Netflix grew into a Hollywood disruptor and amassed over 200 million subscribers worldwide.
But it's now facing slowing growth amid economic strains and streaming competition.
Here's a look at Netflix's rise, its recent turmoil, and what's next.
1997: Netflix is founded by Reed Hastings, who is currently the co-CEO, and Marc Randolph, its first CEO.
1998: Netflix launches a DVD-by-mail rental service. That same year, Amazon founder and former CEO Jeff Bezos offers to buy the company.
In his book "That Will Never Work: The Birth of Netflix and the Amazing Life of an Idea," Randolph wrote that he and Hastings met with Bezos in 1998, who offered them "probably something between $14 million and $16 million," Randolph wrote. But they turned down the offer.
1999: Netflix begins offering a subscription-based model, in which customers could choose movies to rent-by-mail for a monthly fee.
Netflix gained 239,000 subscribers in its first year, according to Inc. It still offers a DVD service.
2002: Netflix goes public. Randolph exits the company soon after.
"As you get older, if you're lucky, you realize two things: what you like, but also what you're good at," Randolph told Forbes in 2019 on why he left Netflix. "The answer to both of them [for me] is early-stage companies. I like the chaos. I like the fact that you're working on hundreds of things at once."
2007: Netflix launches a video streaming service, free for its already-existing DVD-rental subscribers.
Netflix ended 2006 with over 6 million subscribers for its DVD-rental service. But A New York Times story at the time highlighted how the company still faced doubts about its streaming plans, noting that it would cost Netflix $40 million to implement and its stock dropped 6 percent with the announcement. Hastings said at the time that he had "gotten used to it," regarding reservations.
2012: Netflix debuts "Lilyhammer," its first original series. The show was originally broadcast in Norway, but Netflix acquired the rights. It laid the foundation for Netflix's binge-release model and its surge in original programming, including expanding into international markets.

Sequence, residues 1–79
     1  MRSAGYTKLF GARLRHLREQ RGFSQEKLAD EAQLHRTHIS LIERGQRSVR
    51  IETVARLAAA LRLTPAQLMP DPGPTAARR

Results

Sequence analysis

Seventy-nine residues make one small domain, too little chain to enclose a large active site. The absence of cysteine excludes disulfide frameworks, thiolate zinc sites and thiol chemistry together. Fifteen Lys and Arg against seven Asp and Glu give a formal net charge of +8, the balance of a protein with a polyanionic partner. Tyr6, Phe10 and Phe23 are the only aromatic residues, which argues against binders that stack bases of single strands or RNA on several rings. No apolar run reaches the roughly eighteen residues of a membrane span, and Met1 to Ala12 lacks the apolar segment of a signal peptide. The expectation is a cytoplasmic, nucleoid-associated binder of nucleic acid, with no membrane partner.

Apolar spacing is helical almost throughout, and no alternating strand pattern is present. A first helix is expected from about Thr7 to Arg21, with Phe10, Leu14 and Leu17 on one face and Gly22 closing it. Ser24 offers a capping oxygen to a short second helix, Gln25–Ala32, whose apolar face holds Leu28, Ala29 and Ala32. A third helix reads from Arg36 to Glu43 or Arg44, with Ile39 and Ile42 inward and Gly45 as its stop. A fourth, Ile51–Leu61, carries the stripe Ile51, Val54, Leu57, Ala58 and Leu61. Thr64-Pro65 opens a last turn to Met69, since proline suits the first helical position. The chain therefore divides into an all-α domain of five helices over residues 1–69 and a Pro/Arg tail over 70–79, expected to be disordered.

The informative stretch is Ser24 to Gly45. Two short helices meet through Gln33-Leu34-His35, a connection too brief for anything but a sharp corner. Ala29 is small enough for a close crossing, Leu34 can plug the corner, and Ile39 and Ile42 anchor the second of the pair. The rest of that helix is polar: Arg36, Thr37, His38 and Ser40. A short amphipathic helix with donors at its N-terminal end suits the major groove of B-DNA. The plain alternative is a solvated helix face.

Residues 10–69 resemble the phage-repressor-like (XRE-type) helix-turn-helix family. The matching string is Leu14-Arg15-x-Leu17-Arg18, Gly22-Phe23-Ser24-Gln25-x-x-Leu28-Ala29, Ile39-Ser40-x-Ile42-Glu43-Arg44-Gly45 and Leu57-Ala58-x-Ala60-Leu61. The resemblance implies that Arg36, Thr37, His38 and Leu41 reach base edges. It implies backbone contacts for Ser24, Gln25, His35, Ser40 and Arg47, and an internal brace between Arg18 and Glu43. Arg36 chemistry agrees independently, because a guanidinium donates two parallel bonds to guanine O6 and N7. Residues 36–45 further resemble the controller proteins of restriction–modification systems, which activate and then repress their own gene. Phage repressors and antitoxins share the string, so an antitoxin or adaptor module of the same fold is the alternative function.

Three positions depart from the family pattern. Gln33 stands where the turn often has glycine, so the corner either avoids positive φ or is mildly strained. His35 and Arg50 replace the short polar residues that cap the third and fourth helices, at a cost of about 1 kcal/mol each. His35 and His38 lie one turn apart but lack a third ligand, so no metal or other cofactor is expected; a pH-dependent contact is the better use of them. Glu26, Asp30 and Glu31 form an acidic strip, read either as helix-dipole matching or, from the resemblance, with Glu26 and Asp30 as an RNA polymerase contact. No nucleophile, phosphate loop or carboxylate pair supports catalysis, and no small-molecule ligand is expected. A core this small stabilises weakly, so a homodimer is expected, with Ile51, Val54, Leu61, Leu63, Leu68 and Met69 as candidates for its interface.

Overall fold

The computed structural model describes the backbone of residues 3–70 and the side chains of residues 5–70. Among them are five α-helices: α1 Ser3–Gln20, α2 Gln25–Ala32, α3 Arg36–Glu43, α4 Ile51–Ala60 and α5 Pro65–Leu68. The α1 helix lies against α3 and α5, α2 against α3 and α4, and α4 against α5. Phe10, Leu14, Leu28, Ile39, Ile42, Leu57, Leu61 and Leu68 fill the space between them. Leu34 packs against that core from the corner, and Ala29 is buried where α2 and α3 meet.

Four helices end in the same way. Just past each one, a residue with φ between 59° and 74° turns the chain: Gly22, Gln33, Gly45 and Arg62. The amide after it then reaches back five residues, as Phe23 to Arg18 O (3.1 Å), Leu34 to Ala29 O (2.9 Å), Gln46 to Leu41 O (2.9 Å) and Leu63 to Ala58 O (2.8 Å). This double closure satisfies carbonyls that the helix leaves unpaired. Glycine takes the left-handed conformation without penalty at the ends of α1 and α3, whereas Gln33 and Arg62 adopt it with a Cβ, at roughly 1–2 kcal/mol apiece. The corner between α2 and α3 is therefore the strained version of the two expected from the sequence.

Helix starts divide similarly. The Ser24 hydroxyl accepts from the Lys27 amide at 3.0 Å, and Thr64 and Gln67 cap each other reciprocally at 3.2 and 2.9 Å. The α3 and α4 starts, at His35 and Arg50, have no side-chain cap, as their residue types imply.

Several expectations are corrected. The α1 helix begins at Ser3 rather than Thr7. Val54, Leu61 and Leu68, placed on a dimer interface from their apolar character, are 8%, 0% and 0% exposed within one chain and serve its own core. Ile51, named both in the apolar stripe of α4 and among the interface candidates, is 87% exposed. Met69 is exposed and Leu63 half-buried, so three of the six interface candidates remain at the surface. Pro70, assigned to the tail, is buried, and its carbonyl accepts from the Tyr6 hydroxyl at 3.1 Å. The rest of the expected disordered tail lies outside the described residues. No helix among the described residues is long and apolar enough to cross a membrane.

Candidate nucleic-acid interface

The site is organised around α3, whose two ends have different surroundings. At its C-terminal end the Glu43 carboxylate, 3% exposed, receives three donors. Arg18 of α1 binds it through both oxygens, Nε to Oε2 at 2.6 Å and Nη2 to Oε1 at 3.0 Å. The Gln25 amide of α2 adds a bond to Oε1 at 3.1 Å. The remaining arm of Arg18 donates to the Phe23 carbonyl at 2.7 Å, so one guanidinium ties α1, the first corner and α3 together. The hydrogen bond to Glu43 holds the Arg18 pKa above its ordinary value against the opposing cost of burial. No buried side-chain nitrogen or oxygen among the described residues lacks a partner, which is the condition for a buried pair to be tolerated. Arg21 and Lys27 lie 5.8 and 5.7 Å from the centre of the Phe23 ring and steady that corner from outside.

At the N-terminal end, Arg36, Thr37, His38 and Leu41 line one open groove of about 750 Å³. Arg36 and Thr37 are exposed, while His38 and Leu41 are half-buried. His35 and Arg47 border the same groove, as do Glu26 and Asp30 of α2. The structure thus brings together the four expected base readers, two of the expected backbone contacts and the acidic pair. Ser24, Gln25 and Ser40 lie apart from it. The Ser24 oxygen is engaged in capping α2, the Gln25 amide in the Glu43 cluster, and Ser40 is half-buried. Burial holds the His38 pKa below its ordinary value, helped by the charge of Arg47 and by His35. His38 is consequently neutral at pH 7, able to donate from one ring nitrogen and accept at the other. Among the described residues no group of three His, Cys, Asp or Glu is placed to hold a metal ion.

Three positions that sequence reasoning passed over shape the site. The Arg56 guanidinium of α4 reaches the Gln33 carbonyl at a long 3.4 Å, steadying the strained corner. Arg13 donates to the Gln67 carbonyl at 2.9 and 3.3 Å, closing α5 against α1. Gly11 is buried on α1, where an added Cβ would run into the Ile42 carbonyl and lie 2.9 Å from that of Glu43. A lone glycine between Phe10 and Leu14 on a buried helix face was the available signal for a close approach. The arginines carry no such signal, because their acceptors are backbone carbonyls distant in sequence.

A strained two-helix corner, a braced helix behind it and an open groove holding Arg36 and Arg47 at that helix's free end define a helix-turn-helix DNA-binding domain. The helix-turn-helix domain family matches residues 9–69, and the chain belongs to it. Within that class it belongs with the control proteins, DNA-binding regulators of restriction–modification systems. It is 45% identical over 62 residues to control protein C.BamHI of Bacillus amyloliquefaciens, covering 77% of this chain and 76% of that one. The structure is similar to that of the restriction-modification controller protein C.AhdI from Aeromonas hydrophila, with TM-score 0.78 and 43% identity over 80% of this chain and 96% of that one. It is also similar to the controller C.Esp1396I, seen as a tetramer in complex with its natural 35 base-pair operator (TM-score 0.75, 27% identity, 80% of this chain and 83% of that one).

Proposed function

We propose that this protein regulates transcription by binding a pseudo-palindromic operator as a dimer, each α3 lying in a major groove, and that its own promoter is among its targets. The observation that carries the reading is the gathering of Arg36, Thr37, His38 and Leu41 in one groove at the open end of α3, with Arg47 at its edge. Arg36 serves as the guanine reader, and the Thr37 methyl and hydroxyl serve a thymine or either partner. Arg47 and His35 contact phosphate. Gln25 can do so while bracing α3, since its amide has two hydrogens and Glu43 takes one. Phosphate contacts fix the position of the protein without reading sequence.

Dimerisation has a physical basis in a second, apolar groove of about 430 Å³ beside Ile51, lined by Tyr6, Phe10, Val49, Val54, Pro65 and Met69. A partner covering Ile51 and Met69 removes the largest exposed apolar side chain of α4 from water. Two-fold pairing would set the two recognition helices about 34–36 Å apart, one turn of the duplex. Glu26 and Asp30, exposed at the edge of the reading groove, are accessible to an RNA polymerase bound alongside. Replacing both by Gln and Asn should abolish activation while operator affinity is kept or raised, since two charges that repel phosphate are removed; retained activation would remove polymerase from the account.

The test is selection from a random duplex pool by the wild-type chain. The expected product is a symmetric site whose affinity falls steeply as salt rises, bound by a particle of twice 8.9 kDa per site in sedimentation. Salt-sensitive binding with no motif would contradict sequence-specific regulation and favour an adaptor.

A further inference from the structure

"This was the first time we streamed a show across multiple countries and languages … and it worked," Netflix's current coCEO Ted Sarandos wrote in a blog post in February.
"It worked because it was a deeply local story that we could share with the world," Sarandos added.
2013: Netflix ramps up its original programming with "House of Cards" and "Orange Is the New Black," which gain critical acclaim and Emmys recognition (the former is the first streaming original to win an Emmy).
2015: Netflix releases its first original feature film, "Beasts of No Nation."
2017: Netflix surpasses 100 million subscribers, a crucial milestone, 10 years after it launched its streaming option.
2018: Netflix wins its first feature-film Oscar, for best documentary feature for "Icarus." Later this year, it releases "Roma," which becomes Netflix's first best-picture nominee the following year.
Netflix has yet to nab the Oscars' top prize, though, despite elaborate campaign spending. Apple TV+ won best picture this year for "CODA," becoming the first streaming platform to do so.
2020: Netflix names Ted Sarandos, its creative chief, as co-CEO with Hastings. The two have known each other since 1999.
January, 2021: Netflix announces that it surpassed 200 million subscribers, another milestone.
September, 2021: Netflix wins the most Emmys for the first time, and nabs best-series wins for the first time with "The Crown" (drama) and "The Queen's Gambit" (limited).